State law impacting on Fair Work Act — which statute prevails?

Q&A

State law impacting on Fair Work Act — which statute prevails?

Although the Fair Work legislation generally moved most Australian business to the federal jurisdiction, some elements of state law continue to apply to national system employers.

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Although the Fair Work legislation generally moved most Australian business to the federal jurisdiction, some elements of state law continue to apply to national system employers.
 
A recent question to WorkplaceInfo highlighted this issue.
 
We have an office in Western Australia where a number of staff are members of the WA state emergency service.
 
One employee was recently involved in emergency service work, clearing up after a storm had hit the Perth area.
 
The employee has approached the office manager stating he is entitled to be paid for the time he was absent on SES duties.
 
It’s our understanding that community service leave under the National Employment Standards (NES) is unpaid (except for jury service), but the employee insists the SES supervisor advised him that there was an entitlement to payment for the absence.
 
On what basis would the employee be entitled to any payment?
 
A  A number industrial matters covered by a state or territory law are not excluded by the Fair Work Act 2009.
 
One “non-excluded matter” relates to “attendance for emergency services duties”.
 
A state or territory law that is not excluded by the Fair Work Act and that provides a more beneficial entitlement will prevail over the relevant provision under the NES.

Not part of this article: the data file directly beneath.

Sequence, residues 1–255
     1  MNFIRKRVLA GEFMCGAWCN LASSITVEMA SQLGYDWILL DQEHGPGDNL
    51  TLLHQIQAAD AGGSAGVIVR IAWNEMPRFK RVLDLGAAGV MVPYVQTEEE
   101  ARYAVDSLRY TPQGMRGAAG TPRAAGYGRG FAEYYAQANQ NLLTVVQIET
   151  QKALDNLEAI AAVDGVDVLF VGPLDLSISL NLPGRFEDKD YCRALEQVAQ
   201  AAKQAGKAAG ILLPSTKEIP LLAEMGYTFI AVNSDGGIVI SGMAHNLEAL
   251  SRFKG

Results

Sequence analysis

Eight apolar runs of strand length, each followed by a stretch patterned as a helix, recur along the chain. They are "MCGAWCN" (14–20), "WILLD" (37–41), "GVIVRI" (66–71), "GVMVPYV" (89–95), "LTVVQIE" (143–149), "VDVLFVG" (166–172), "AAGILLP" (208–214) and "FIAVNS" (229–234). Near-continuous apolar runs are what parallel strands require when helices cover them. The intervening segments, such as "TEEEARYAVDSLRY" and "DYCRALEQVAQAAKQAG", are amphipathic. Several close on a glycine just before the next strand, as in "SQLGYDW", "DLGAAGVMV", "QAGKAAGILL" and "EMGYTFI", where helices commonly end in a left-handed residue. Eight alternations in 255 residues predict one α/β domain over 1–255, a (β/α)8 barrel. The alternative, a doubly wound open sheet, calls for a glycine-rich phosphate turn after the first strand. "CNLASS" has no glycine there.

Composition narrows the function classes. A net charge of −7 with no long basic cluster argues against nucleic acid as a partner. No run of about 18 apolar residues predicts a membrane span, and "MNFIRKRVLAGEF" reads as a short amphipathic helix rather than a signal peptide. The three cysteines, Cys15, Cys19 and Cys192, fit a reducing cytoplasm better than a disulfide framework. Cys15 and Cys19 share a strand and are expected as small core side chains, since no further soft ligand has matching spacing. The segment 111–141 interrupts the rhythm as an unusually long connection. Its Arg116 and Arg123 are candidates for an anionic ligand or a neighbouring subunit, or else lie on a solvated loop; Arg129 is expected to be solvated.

In this case …
 
In this case, s92(2) of the WA Emergency Management Act 2005 provides that an employee who is absent from work because the employee is carrying out an emergency management response is entitled to be paid at the employee’s ordinary remuneration for the ordinary time the employee would have worked but for the absence.
 
Because this state law provides a more beneficial entitlement than the NES (paid community service leave rather than unpaid leave), it overrides the community service leave provisions of the NES.
 
The employer would be required to comply with the WA Emergency Management Act.
 
Section 112 of the Fair Work Act also states that the Fair Work Act is not intended to apply to the exclusion of a state or territory law that provides a more beneficial entitlement in relation to engaging in eligible community service activities than the entitlement under the NES.
 
Source: Paul Munro, IR Consultant.
 
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